Online gaming parental control is being ordered by the Chinese government to online game 'operators' (click here to read full article).
Quite frankly, although it's with good intentions, this is just a very futile attempt which may just be for show so that parents would think they're trying to do something about it. Why do I think it won't work? Here are a couple of their suggestions/provisions they want the online game operators to do:
1) "Upon proving their identity, parents will be able to put daily or weekly restrictions on their child’s game playing time, the notice said. They would also have the option of putting in place a total ban."
Get ready for more, as parents say it, "rebellious" children. Kids will surely find ways to make it happen. It will prompt hackers to create some work around, sell it to kids who have been banned or limited in gaming. Yes, it will drop the number of kids playing their eyeballs out (some kids who can't get their hands on the new hack), but it will not stop them from rebelling.
2) "It urged game operators to employ special staff to assist with the project and to set up web pages and hotlines"
Employ additional staff? Set-up web pages and hotlines? Both mean additional expense items for the companies. Of course they'd protest, but if it's something mandatory, they'll set something up, like a crappy system that would be the most cost effective set-up for them, and it won't be efficient enough to do the task the government intends them to do (with regards to parental control) and of course, kids would stay away from online games that would boast "GREAT PARENTAL CONTROL SERVICE"... What!? No way! So do companies like that? Hmm... I bet not.
In any case, there's been similar attempts to limit gaming in the Philippines, but I don't remember that ever stopping me. Is it something I should be proud of? Well, of course not, but that's the reality. I remember walking to one computer shop at Dapitan (the other UST Exit parallel to Espanya) and a group of guys almost ran past me as I was nearing the door to the shop. And once I got in, the group of boys (high school boys) were calling their friend warning him that their teacher was on his way to the shop because he heard (the teacher) from one of the classmates that he cut school to play. Apparently, it was a very important day or he was just a very pissed off teacher, or the kid was a frequent offender. In any case, even after I left the shop, the teacher was delivering his sermon to the highschool boy. It wasn't scandalous, because the teacher was very calm and very gentle. It was just a sad sight seeing kids neglecting their school duties for video games, but there are also kids (like me and my bro) who turned out ok, and was able to balance school (get good grades) and gaming (get good scores). ^_^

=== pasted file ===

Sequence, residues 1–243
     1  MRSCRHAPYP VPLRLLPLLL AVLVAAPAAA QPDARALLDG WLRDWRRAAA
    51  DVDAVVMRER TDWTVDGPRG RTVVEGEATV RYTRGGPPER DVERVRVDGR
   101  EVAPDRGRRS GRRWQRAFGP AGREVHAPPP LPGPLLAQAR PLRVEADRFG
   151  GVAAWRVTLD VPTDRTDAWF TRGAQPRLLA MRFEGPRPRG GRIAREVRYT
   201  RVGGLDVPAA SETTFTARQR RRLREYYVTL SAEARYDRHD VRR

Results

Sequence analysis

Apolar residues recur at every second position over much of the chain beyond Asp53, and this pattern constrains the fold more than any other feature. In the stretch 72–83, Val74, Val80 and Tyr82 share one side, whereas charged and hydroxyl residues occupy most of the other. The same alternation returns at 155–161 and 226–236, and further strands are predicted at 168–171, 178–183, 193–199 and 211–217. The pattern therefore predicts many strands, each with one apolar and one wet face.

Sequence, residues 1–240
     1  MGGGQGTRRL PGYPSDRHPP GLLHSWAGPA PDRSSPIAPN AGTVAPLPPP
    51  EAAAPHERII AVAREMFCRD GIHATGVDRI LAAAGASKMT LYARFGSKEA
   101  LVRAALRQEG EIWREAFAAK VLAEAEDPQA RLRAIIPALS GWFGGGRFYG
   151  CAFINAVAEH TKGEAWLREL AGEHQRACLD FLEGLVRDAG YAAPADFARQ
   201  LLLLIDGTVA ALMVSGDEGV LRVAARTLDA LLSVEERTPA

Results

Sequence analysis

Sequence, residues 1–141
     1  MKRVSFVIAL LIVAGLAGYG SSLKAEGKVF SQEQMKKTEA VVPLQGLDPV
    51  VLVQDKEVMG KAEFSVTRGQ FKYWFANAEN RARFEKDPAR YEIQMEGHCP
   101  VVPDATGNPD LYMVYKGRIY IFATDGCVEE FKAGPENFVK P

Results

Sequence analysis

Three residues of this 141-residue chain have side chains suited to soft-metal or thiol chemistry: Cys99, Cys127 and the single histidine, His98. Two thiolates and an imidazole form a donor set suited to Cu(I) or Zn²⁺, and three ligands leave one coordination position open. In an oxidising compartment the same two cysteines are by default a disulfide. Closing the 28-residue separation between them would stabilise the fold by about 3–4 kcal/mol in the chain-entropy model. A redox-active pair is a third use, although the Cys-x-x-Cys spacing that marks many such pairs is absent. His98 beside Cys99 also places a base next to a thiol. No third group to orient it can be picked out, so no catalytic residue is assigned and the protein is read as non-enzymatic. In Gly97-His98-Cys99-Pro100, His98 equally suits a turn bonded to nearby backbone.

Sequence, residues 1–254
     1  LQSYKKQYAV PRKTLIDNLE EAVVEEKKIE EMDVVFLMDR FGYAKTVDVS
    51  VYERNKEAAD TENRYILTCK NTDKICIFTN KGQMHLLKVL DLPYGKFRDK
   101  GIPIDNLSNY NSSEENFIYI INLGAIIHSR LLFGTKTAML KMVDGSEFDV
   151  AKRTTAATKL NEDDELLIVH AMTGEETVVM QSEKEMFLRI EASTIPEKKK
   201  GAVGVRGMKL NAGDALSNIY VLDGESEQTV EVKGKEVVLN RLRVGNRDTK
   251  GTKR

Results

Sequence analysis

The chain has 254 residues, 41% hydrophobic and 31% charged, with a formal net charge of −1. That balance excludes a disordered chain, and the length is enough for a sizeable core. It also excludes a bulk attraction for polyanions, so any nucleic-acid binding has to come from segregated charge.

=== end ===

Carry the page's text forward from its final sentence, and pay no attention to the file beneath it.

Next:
So, am I saying that nothing should be done? Definitely something should be done, and that something is the right kind of discipline starting from when the kids are really young. One way to do it is gaming through reward system. Instead of restricting gaming to 1 or 2 hours a day or a week period, it would probably better if parents say, "Son/Daughter, you can play 1-2 hours a week only, but you can get 1 or 2 hours more in the weekend if you do good in school." Something like that. Another thing is, videogames are just electronic versions of real-life games that parents can play with their kids. If, at an early age, kids enjoy little games with their parents (scrabble, boggle, chess, flash cards, twister, etc), then even if they try videogames, it won't be too difficult to switch them back to those non-electronic games every now and then, because to them, videogames and boardgames, etc are all the same.
What do I know, I'm not a parent? Well, but I was a kid, and I had parents. This is how they did it with us, and we turned out ok. We appreciated all games in general. We loved boardgames (tried all ninja turtle version of boardgames, snakes and ladders, scrabble, chess, Salpakan - Games of the Generals), we loved trivia games (Thinkaton), card games (flash cards - yes, the math ones, suited cards... ^_^), games with other kids (langit-lupa, si nena, dodge ball), etc. These are what worked out best for us, but you can try different styles or approach according to your kids' personality.
My opinion, government mandated parental gaming control >>> FAIL
In-house, personal parental gaming guidance >>> ^_^ thumbs up!
Gaming aren't just for kids! - from Anne in Red.